The trial court's issuance of summary judgment to the insurer for mold and water damage was upheld on appeal. Schwartz v. Encompass Indem. Co., 2016 Mich. App. LEXIS 551 (Mich. Ct. App. March 15, 2016).
The contractor was demolishing a portion of the insured's home when he discovered water damage and what appeared to be mold. The contractor believed this damage was due to improper roof installation and leaks around the windows. Further demolition was done to water-damaged portions of the home.
The insured filed a claim with Encompass for mold and "over-demolition." When Encompass's adjuster inspected the home, none of the alleged mold-affected material was present because it had been removed from the site by the contractor. The claims were denied.
The insured filed suit and Encompass moved for summary judgment. The trial court found that both the claim for mold and over-demolition were covered losses. However, the insured could not recover on the mold because of spoilation of evidence, and was precluded from recovery on the demolition claim due to the exclusion for faulty workmanship.
The appellate court agreed. The insured sought to recover costs associated with the contractor's extensive demolition. The demolition was done either due to the contractor's error or his faulty workmanship, or due to the contractor's addressing faulty workmanship of the persons responsible for the roof and window installation. The contractor was the insured's agent. The insured presented evidence that the contractor acted in error, but even if the contractor's work was faulty, it was excluded under the homeowner's policy.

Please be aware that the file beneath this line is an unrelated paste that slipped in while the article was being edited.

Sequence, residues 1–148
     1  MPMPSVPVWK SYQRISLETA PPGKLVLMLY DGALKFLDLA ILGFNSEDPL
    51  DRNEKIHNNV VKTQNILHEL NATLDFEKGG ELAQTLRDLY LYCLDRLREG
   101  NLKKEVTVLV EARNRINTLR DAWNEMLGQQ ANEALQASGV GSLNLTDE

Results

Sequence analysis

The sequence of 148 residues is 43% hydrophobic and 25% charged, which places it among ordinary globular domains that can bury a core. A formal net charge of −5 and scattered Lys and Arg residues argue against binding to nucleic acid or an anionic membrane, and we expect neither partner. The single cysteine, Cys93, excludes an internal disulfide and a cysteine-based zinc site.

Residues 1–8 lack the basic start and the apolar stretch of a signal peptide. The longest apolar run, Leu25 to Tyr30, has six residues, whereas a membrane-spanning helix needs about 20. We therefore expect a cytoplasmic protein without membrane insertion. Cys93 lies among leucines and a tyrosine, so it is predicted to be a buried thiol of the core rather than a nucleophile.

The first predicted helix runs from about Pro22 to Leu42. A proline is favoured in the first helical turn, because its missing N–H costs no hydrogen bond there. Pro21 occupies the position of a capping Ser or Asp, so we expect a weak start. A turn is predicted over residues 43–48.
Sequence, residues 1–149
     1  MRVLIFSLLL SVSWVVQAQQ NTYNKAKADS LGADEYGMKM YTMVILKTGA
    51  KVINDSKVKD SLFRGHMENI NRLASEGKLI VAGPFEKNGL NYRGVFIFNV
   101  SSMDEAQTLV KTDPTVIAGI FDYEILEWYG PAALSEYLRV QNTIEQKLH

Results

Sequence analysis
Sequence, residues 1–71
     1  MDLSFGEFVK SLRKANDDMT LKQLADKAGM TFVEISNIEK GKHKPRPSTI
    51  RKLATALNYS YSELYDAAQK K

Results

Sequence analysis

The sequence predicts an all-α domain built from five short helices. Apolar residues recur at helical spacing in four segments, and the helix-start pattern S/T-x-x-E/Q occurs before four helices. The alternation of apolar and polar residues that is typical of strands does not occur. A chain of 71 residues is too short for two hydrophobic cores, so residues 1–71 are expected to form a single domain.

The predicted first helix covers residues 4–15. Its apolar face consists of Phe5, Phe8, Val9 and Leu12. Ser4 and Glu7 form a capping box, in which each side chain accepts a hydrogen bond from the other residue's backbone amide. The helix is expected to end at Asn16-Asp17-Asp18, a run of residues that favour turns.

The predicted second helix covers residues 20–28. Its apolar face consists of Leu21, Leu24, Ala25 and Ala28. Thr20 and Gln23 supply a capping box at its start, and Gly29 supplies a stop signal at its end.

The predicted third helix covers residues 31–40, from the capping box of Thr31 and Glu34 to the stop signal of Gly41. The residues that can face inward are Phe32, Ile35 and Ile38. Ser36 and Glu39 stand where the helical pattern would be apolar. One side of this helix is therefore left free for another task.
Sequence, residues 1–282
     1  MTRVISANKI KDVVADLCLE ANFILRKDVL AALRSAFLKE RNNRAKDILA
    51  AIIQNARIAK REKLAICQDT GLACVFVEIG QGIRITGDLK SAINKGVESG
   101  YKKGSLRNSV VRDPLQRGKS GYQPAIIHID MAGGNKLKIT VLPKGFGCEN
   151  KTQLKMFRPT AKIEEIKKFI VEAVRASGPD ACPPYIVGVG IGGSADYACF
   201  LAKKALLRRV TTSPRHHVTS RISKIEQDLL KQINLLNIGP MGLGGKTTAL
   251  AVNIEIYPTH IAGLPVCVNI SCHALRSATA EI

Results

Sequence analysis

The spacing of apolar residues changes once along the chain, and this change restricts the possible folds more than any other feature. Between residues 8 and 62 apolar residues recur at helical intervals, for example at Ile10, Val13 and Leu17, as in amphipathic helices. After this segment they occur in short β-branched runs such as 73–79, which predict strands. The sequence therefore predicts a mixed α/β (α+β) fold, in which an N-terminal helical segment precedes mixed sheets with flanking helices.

The insured also argued that the trial court erred in attributing the contractor's disposal of the evidence of mold to the insured. The insured felt the adjuster had a duty to recover the disposed evidence. But the insured had a duty under the policy to allow the insurer "to take samples of damaged and undamaged property for inspection, testing and analysis." This became impossible because the allegedly moldy material was thrown into dumpsters, mixing with other construction debris and was not protected from the weather.
While dismissal of the claim seemed harsh where the insured apparently lacked some degree of knowledge or control over the initial methods in which the materials were removed and disposed of, it was of greater prejudice to Encompass who had absolutely no control over the evidence.